Ain't we got fun?
September 17, 2009
A new ploy in the health care debates: the Baucus Bill. Howard Dean hates it: is that good or bad? We don't have enough information on the details in the 800+ page bill which comes essentially from nowhere. Was it done with Obama's approval? Who likes this $800 billion proposal? Isn't this exciting? Stay tuned.
Suddenly the front pages are filled with it: the health care debate is really about racism. So apparently is everything else. How will the Baucus Bill affect the "this is about racism" debate? Again, stay tuned.
Barrack Obama on the Cap-And-Trade Bill, June 23, 2009 Press Conference.
One hesitates to accuse the President of falsehood, but does he really believe that Carbon Dioxide is a pollutant? If so we are all guilty. Does he not know that he emits CO2 with every breath?
Since we must presume that the President is not lying, just what does this mean? CO2 may or may not be involved in climate and global warming, but what are these carbon emissions that contaminate the water we drink and the air we breathe?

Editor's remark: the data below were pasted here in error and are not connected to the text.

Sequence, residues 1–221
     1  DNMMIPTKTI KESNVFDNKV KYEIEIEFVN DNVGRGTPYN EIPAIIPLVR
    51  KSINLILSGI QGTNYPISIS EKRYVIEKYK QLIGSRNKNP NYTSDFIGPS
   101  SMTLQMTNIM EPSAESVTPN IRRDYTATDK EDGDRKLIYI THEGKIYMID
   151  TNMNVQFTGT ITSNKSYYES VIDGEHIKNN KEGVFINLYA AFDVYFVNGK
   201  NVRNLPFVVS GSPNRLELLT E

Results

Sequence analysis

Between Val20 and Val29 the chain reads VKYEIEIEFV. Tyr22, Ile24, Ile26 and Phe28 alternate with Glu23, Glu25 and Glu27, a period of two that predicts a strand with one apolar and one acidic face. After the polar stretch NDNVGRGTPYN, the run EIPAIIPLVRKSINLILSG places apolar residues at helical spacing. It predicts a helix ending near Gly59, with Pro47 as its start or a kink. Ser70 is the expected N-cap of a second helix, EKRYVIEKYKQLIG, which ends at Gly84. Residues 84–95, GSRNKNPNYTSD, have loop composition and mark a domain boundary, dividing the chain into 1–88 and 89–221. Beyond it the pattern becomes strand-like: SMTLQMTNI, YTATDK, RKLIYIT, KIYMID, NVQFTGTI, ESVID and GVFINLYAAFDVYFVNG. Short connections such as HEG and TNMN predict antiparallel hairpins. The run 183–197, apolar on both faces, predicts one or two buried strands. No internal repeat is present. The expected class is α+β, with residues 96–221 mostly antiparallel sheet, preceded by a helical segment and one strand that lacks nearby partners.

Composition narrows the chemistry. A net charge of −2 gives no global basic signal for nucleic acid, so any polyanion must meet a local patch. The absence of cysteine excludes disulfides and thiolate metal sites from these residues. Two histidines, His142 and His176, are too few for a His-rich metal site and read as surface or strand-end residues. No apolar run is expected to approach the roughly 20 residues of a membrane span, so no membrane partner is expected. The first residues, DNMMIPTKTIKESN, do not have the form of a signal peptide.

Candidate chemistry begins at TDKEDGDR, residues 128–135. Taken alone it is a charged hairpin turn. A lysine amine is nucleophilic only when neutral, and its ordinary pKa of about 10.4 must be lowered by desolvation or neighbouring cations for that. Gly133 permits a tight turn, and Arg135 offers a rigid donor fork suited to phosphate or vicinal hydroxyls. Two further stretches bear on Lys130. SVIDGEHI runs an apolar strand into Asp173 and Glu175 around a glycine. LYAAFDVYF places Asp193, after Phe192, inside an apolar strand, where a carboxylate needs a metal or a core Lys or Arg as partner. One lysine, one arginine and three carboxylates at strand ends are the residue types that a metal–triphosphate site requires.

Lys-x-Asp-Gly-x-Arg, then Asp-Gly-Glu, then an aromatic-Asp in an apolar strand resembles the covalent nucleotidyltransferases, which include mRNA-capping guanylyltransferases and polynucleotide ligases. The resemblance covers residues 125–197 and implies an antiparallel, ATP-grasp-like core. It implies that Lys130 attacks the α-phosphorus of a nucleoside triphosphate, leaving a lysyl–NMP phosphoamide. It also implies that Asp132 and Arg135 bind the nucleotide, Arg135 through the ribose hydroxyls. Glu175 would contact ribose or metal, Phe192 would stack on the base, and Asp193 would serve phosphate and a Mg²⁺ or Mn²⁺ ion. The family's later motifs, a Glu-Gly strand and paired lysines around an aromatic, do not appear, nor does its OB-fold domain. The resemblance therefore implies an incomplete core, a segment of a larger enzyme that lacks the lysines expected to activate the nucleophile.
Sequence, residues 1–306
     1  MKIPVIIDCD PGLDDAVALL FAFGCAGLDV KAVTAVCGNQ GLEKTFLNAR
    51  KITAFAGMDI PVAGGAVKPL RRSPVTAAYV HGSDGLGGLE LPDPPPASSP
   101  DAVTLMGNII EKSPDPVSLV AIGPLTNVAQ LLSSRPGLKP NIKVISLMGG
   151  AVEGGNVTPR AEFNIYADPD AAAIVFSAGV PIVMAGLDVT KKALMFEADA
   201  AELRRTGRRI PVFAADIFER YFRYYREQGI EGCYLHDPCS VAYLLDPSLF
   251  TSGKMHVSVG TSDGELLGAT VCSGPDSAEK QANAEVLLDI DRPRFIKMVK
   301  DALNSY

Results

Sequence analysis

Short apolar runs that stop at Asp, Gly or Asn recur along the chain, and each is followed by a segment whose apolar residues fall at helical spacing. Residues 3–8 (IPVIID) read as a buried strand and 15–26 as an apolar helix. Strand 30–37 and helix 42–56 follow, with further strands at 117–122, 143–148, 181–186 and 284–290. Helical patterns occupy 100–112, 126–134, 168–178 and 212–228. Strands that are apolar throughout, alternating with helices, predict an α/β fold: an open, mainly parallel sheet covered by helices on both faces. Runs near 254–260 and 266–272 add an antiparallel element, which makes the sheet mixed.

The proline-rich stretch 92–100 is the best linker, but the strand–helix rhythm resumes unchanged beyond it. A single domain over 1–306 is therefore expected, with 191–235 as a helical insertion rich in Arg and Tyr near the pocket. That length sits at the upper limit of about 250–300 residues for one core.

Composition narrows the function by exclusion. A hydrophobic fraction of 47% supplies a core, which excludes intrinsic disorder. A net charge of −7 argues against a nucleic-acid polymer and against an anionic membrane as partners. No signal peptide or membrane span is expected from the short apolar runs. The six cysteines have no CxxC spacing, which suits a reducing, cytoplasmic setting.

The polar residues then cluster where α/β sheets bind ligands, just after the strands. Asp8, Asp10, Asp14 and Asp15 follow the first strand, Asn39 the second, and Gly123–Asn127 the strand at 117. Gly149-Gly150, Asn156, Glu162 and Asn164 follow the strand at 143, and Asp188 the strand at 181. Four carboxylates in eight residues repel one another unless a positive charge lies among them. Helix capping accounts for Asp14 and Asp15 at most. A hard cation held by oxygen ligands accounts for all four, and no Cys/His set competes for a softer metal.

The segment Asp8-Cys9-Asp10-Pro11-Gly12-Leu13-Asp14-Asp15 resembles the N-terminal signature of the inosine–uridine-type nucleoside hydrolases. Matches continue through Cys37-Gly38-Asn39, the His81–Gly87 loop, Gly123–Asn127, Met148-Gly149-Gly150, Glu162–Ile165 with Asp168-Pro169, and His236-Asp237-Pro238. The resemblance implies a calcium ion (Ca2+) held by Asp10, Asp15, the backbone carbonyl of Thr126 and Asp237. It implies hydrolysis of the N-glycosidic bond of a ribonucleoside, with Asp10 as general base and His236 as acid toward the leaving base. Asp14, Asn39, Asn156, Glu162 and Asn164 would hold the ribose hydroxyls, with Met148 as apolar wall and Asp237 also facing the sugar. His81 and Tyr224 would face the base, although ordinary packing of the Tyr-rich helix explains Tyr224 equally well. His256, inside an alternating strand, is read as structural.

I don't really know how accurate this is.
It does seem to show that the stimulus package hasn't been working, and the Obama unemployment predictions were very low. We have not hit bottom on unemployment.
That one, I am happy to say, is not as bad as it seems. I haven't reviewed all the details, but this appears to be a strategic decision. We are not abandoning the development of the technology. Obama claims his new approach will be more effective than the previous one. He may or may not be right -- one problem is that the politicization of everything else makes it impossible not to see even strategic decisions as having some hidden (or obvious!) political basis.